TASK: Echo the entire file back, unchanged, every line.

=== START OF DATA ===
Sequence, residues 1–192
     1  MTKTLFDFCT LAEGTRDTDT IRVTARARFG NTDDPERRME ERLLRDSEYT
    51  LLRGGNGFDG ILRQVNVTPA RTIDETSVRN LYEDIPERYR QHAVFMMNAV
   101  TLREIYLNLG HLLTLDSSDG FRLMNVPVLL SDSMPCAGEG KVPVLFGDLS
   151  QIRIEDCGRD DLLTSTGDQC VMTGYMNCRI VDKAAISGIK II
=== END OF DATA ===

Sequence, residues 1–192
     1  MTKTLFDFCT LAEGTRDTDT IRVTARARFG NTDDPERRME ERLLRDSEYT
    51  LLRGGNGFDG ILRQVNVTPA RTIDETSVRN LYEDIPERYR QHAVFMMNAV
   101  TLREIYLNLG HLLTLDSSDG FRLMNVPVLL SDSMPCAGEG KVPVLFGDLS
   151  QIRIEDCGRD DLLTSTGDQC VMTGYMNCRI VDKAAISGIK II